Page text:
Sushma Swaraj is expected to hold a meeting of the larger Opposition on Monday

The deadlock over Coalgate entered the third day on Thursday amid indications that a settlement could be reached early next week between the government and the Opposition on holding a discussion on the issue in Parliament.

The Left parties have decided to meet on Saturday to finalise their position. On Monday, Sushma Swaraj is expected to hold a meeting of the larger Opposition.

Outwardly, the Bharatiya Janata Party (BJP) remained unyielding on its stand that it would keep Parliament dysfunctional until the Prime Minister agreed to resign owning responsibility for the scam. Party MPs raised noisy slogans against Manmohan Singh and forced repeated adjournments of the two Houses. And yet by evening it was increasingly clear that the party was losing support on its strategy and the rest of the Opposition — including members of the NDA— was veering round to accepting the government’s offer to discuss the issue. The growing view appeared to be that disrupting Parliament would allow the Prime Minister to get away, whereas it was far more important to pin him down and force him to answer questions on the serious charges he faced.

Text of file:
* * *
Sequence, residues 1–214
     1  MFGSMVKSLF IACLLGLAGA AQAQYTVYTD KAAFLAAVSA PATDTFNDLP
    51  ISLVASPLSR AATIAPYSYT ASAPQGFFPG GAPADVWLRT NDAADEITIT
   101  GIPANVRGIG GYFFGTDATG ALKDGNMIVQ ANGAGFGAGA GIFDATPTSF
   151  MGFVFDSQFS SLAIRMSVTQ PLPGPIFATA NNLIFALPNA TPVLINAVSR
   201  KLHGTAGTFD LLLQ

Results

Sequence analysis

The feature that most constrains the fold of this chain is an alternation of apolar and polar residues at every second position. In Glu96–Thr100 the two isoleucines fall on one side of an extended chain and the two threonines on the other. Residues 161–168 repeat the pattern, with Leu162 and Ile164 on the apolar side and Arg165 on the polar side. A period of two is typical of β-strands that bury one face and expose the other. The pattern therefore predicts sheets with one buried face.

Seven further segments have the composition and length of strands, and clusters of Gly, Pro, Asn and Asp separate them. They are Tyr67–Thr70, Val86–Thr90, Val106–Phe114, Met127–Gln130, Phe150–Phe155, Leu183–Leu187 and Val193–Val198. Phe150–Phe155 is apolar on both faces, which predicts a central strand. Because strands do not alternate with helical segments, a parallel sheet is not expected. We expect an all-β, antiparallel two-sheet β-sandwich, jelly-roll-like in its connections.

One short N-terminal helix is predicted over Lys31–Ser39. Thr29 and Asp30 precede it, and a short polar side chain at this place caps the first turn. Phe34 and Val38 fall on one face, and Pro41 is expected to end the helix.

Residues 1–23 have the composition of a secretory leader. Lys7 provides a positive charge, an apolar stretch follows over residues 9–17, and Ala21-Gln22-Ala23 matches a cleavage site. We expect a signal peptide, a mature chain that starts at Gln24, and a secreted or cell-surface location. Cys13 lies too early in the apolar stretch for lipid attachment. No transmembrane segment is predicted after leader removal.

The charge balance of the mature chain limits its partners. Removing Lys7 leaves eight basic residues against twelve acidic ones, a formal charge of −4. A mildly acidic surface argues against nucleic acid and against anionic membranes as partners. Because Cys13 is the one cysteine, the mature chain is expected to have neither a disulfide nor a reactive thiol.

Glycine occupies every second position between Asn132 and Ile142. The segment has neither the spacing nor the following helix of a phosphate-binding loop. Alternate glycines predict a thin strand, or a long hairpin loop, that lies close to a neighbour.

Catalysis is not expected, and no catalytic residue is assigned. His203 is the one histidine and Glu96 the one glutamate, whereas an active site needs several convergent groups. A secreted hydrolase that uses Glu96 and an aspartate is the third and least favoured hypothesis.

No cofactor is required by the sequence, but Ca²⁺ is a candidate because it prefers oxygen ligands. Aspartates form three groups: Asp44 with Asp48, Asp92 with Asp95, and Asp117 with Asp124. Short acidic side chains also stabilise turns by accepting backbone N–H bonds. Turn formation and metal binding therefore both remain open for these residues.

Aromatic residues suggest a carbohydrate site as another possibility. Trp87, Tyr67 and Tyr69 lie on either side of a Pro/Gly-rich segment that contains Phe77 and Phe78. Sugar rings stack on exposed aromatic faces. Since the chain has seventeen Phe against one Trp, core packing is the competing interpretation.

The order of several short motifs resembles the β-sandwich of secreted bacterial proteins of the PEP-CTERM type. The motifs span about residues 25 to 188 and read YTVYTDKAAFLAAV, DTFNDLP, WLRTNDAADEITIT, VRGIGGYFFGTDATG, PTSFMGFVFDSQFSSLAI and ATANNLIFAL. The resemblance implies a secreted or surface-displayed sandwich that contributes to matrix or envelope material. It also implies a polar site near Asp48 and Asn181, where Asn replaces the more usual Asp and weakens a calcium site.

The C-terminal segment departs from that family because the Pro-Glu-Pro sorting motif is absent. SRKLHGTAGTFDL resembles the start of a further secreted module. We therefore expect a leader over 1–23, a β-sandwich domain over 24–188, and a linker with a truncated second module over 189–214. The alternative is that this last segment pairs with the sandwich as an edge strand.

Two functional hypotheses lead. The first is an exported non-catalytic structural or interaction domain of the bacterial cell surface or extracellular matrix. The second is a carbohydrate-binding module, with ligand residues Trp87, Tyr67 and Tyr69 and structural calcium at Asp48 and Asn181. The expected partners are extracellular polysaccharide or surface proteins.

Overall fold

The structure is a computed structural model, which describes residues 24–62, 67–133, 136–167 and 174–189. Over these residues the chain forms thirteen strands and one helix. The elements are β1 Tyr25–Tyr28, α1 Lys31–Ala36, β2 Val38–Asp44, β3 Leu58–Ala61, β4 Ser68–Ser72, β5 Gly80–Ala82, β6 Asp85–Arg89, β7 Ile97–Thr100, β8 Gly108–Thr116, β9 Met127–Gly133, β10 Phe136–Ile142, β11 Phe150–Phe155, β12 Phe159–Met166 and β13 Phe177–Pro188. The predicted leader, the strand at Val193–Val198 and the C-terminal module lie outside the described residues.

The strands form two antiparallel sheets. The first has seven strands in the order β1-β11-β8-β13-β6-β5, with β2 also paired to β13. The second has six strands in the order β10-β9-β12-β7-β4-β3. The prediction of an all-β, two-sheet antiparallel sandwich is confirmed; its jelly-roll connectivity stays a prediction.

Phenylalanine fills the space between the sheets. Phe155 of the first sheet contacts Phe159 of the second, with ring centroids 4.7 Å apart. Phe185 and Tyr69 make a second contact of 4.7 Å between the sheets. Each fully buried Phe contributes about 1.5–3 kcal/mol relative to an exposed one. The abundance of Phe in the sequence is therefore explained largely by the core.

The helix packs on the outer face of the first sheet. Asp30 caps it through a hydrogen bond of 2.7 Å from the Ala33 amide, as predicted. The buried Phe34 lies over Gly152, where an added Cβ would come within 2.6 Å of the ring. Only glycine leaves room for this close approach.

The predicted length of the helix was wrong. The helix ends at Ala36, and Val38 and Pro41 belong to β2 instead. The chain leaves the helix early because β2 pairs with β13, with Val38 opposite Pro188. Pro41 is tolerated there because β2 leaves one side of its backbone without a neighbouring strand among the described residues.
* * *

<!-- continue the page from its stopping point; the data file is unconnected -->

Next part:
CPI (M) seeks probe into charges

The JD(U) indicated on Wednesday that it favoured a discussion on the subject. On Thursday, the party kept its distance as the BJP MPs stormed the well of the Lok Sabha. In a statement, the CPI demanded an explanation from Dr. Singh, saying it was for the first time that a Prime Minister faced charges of corruption with regard to a Ministry that was under his charge. The CPI(M) asked for an investigation into the charges followed by fixing of responsibility and prosecution of the guilty, “however high” they turned out to be. The Janata Dal (S) condemned the continued obstruction of Parliament. All of this left the BJP virtually isolated on the best way to deal with Coalgate.

The BJP was also on the back foot over reports that it planned to have its MPs resign en masse to force an early general election. Party spokesperson Yashwant Sinha strongly denied the “rumours” but the damage appeared to have been done. BJP MPs seemed shocked at the prospect of losing their seats almost two years ahead of schedule. A party veteran and Lok Sabha MP sarcastically commented that the idea must have originated in the Rajya Sabha whose members were not obliged to resign. “Let them resign first, we will all follow suit,” he said.

The Congress seemed to enjoy the BJP’s discomfiture. A senior Cabinet Minister said the BJP had indeed considered mass resignations but had to drop the move fearing the wrath of its MPs. “If they want to resign, let them. We will be quite happy to hold by-elections for all their seats,” the Minister said. The Congress also indicated that it was fully prepared for a debate on Coalgate as that would give the party an opportunity to turn the tables on the BJP whose State governments had opposed competitive bidding in the allocation of coal blocks.

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